Why aren’t political parties talking about earthquakes?

Cilla Khatry

Cilla Khatry

Why aren’t political parties talking about earthquakes?

In the 2022 local elections, though disasters and climate change have made it into party manifestos, the potentially more devastating earthquakes seems to be missing | Photo: iStock

We knew an earthquake was due when a whopper of 7.6 magnitude struck in April 2015, followed by more than 300 aftershocks. The new constitution that was promulgated soon after had provisions for building an earthquake-resilient society. Various parties in the 2017 local elections made grandiose promises to do the same. With the wounds still fresh, national level policies were drafted. But as our memories faded and new priorities surfaced, most of these plans never materialized, and those that did were half-heartedly implemented. 

In the 2022 local elections, though disasters and climate change have made it into party manifestos, the potentially more devastating earthquakes seem to be missing. As we live in a seismically vulnerable zone, not prioritizing earthquake risk reduction could have devastating consequences, says experts ApEx spoke to. “We have seen the damage an earthquake can inflict, how it causes so much trauma and pushes back years of progress,” says Khadga Sen Oli, advocacy and outreach manager at National Society for Earthquake Technology, Nepal (NSET).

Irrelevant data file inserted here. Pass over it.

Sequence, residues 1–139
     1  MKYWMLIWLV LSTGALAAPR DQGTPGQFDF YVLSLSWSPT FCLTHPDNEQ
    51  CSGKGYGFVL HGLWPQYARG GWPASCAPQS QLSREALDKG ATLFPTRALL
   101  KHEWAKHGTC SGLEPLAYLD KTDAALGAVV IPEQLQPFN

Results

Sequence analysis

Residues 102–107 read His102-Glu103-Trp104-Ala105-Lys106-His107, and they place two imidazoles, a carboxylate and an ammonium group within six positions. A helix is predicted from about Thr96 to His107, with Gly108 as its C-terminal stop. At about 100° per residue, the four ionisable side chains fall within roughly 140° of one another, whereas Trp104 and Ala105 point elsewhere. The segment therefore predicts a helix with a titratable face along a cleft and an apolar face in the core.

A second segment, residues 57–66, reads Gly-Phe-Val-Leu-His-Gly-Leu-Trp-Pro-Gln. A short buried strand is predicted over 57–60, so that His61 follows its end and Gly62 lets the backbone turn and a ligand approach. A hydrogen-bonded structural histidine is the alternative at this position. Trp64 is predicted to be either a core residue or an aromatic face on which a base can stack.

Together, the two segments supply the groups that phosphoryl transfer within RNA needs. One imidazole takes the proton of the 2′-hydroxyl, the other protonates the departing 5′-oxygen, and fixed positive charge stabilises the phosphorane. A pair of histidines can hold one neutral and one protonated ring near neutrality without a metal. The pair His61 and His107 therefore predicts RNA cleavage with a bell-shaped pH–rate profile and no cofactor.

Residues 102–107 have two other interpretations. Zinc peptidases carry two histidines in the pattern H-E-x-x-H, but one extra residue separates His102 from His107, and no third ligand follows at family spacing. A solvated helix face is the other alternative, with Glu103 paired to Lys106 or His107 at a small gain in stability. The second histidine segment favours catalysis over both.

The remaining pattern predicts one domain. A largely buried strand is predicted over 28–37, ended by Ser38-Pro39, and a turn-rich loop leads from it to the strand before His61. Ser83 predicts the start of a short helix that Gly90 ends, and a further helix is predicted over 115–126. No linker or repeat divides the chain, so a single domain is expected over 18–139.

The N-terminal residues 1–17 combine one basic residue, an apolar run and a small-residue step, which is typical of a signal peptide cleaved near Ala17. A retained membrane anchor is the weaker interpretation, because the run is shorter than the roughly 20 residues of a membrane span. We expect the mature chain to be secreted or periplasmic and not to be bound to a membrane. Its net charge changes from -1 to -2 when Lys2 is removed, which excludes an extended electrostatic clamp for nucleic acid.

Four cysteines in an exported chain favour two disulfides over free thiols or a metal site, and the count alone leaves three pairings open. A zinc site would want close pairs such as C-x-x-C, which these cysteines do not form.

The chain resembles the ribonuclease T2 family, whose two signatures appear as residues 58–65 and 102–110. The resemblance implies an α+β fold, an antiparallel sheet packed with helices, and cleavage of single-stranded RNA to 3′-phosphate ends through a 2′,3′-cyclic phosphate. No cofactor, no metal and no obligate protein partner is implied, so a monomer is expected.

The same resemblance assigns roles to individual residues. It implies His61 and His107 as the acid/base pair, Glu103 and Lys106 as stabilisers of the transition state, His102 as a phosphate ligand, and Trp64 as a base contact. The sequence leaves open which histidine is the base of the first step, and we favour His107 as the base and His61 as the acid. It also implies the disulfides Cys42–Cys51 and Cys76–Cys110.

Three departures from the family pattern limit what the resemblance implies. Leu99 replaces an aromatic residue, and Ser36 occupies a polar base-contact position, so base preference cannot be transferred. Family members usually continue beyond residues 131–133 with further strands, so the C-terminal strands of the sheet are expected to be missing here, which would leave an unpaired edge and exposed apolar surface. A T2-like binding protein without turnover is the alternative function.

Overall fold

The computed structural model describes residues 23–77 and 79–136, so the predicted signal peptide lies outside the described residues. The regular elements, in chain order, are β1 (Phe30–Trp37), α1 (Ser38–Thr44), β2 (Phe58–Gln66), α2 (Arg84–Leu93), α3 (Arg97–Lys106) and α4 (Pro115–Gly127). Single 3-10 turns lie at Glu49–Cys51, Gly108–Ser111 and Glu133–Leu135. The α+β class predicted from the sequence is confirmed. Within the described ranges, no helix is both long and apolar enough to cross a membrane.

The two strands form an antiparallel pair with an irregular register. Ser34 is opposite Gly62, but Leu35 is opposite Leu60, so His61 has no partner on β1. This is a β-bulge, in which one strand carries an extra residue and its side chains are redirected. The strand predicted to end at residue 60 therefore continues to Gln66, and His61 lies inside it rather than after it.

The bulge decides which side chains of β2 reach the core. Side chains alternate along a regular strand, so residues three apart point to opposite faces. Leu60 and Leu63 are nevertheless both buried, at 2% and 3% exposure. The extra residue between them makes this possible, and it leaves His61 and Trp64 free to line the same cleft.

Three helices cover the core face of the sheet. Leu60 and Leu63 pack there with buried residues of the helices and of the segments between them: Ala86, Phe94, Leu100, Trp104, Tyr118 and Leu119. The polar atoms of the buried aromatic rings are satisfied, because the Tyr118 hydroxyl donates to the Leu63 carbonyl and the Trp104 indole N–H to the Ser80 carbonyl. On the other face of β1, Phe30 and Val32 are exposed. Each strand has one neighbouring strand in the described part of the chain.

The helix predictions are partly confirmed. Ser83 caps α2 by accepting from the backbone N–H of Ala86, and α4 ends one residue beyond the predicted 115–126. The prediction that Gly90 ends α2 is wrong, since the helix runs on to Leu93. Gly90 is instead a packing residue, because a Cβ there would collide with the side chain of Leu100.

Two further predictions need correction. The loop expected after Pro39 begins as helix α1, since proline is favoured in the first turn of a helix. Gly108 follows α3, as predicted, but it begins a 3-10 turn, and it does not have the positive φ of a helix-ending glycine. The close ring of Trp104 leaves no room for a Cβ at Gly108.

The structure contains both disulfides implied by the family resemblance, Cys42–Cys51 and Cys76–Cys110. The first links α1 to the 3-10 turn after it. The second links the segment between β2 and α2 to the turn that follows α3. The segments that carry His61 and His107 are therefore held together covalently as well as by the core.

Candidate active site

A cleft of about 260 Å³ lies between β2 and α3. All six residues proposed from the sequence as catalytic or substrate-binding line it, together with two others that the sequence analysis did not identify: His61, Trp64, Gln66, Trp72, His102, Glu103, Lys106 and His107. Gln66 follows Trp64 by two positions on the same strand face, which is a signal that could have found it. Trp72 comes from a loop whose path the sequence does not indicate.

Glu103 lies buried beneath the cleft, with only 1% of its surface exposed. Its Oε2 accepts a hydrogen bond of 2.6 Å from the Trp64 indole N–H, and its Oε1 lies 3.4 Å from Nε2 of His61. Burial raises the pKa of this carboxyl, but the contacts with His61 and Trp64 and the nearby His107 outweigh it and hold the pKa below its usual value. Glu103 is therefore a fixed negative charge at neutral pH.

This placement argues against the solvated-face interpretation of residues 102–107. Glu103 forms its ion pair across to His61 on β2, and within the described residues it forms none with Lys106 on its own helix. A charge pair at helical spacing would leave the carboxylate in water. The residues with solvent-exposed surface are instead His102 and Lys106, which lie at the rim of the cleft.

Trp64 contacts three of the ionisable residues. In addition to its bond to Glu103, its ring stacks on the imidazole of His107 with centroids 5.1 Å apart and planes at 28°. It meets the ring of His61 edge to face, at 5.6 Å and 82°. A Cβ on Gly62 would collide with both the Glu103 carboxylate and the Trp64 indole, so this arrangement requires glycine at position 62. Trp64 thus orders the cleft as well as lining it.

Before the 2015 earthquakes, natural disasters were dealt with after the event, our efforts limited to management of its effects. But now the emphasis is on disaster risk reduction with action being taken before a calamity to mitigate loss of lives and infrastructure. Our approach to disaster has changed because the Gorkha earthquake that killed 9,000 people and injured over 100,000 more made us realize the importance of being prepared for tragedies. However, in a disaster-prone nation where floods, landslides, and forest fires have routinely claimed hundreds, if not thousands, of lives every year, earthquakes have slipped under the radar.